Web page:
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U.S. Chooses Three Companies To Develop Its Future Three-Dimensional Expeditionary Long-Range Radar

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U.S. Chooses Three Companies To Develop Its Future Three-Dimensional Expeditionary Long-Range Radar

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On May 8th, the US Air Force chose the three companies to participate in a rapid prototyping program to demonstrate expeditionary radar performance for the new acquisition strategy for the Three-Dimensional Expeditionary Long-Range Radar.

The Lockheed Martin Corp. and the Northrop Grumman Corp. will participate under Other Transaction Agreements, and CEA Technologies, an Australian firm, will demonstrate their system through a Foreign Comparative Test project award.

3DELRR will be the principal Air Force ground-based sensor for long-range surveillance, detection and tracking of aerial targets in support of theater commanders and will replace the AN/TPS-75.

There was already a development-ready contract, which was canceled back in 2019, because it was determined that there are production-ready systems were available that could deliver the capability faster.

The first step in the renewed strategy is the SpeedDealer demonstration, which would assess the military utility of the system to carry out the mission of the program.

“Based on our successful industry day in early February, we released a solicitation March 2 for companies to support our new aggressive strategy,” said Lt. Col. Matthew Judge, materiel leader. “We are excited to see what these three systems can do.”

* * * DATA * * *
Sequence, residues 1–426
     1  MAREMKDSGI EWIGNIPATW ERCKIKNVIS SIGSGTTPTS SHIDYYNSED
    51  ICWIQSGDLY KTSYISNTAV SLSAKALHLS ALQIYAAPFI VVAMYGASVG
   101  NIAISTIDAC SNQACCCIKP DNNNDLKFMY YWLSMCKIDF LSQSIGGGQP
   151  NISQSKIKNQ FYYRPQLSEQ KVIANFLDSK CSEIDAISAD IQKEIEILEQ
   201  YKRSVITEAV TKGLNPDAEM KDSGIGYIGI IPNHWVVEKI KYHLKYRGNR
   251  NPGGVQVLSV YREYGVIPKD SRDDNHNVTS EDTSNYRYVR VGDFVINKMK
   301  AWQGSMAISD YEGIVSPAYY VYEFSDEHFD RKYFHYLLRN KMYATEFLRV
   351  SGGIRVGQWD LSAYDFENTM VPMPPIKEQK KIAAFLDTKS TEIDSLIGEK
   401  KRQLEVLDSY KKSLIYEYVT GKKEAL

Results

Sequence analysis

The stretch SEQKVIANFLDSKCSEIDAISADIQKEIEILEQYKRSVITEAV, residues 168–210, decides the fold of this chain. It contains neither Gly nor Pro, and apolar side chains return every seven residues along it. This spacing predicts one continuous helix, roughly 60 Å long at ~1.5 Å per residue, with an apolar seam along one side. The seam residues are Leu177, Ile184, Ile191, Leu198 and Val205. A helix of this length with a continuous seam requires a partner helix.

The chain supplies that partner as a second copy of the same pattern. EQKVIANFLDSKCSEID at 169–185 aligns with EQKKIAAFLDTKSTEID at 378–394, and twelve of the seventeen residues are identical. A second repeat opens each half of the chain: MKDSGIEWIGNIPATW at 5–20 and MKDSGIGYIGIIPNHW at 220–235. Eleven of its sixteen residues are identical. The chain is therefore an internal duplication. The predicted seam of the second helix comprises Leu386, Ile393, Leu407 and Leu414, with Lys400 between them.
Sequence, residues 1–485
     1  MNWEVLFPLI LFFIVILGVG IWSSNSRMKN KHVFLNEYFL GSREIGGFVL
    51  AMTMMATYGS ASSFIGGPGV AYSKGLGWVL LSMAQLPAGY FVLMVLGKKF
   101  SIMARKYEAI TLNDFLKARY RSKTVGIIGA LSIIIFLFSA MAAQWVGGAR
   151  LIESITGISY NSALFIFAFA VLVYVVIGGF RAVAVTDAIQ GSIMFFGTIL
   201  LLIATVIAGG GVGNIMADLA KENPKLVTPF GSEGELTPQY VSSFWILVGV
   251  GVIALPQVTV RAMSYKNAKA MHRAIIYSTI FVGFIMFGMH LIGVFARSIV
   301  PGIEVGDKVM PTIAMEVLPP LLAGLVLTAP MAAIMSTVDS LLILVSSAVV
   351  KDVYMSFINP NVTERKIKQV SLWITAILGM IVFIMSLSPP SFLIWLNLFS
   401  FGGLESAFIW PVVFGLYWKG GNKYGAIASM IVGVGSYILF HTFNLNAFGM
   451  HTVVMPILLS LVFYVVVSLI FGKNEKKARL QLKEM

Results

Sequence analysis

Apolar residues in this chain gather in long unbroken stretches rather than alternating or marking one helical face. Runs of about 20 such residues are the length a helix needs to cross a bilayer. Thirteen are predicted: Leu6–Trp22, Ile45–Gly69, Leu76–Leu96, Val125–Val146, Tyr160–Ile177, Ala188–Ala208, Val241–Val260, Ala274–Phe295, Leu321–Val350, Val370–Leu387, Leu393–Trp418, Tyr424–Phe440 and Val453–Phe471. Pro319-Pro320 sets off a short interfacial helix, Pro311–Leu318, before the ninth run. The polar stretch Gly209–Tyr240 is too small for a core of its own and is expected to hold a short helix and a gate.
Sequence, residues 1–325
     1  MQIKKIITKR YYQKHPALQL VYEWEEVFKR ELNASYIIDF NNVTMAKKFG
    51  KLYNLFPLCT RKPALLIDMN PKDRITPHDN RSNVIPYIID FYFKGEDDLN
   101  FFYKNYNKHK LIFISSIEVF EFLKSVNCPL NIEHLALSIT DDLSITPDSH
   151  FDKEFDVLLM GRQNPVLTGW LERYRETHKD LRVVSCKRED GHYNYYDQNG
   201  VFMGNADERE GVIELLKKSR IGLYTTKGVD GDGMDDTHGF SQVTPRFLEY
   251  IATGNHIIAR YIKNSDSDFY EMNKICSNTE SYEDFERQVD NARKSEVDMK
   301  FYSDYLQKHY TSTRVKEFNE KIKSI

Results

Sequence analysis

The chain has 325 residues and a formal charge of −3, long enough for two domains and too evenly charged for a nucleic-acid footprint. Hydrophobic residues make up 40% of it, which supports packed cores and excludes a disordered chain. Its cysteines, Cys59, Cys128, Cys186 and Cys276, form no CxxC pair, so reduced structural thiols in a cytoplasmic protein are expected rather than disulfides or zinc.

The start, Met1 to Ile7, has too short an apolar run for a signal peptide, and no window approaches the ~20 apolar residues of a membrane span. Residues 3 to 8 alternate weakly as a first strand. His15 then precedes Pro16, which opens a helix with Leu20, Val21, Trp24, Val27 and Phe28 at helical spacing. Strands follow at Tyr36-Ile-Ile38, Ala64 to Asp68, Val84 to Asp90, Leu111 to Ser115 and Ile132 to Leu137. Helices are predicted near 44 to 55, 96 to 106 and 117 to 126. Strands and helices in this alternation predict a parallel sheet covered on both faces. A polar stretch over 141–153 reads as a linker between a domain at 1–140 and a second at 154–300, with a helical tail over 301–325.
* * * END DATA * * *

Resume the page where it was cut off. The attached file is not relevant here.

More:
Initially proposals were to be accepted by April 1st, but that was pushed to April 15th, due to the pandemic.

Each award provides $500,000 for the companies to demonstrate their radar system’s capabilities, maintenance concepts and radar performance against operationally-relevant targets and conditions, no later than the end of September 2020.

Then, if a system completes the tests, it could potentially be selected for integration, and then production could potentially begin by the end of 2020.

“We are not starting over; this is not a new development contract,” said Col. Michael Harm, 3DELRR’s senior materiel leader. “Through the information presented during our industry day and received in the companies’ response to the solicitation, we were able to confirm that production-ready systems can be demonstrated this year.”

The Air Force anticipates a production-ready radar could reach initial operational capability by late fiscal year 2024.

“Our air control squadrons need this important capability, and this strategy will accelerate delivering it to them,” said Harm.

The initial contract for the 3DELRR was awarded to Raytheon back in 2017, after a long battle against Lockheed Martin and Northrop Gunman.

Raytheon was first selected as the provider for 3DELRR in October 2014, but Northrop and Lockheed quickly lodged protests over the decision with the Government Accountability Office.

As a result, Raytheon lodged a suit against the service, one which was ultimately rejected by a U.S. court.

The Air Force then relaunched the competition, with Raytheon once again nabbing the $52.6 million fixed-price-incentive-firm contract for the engineering and manufacturing development phase of the program.

At the time of the contract award, Air Force officials indicated that a replacement to the AN/TPS-75 radar had been highly anticipated.

“We are excited about what the future holds, particularly as it relates to the performance and affordability of 3DELRR,” said Lt. Col. Michael Alexander, then the deputy program manager for 3DELRR, according to a 2017 news release.

However, years later, it turned out that technical difficulties had delayed the project too much and it is unfeasible.

“The Air Force is changing its acquisition strategy for the Three-Dimensional Expeditionary Long-Range Radar (3DELRR) program and will take actions to conclude its current engineering and manufacturing development contract,” said Air Force spokeswoman Patty Welsh in a statement.

“The current contractor experienced numerous technical and supplier challenges in the development of their radar that extended the schedule,” she said. “Current market research shows that due to advancements in technology, other alternatives are now available that can deliver the capability faster.”

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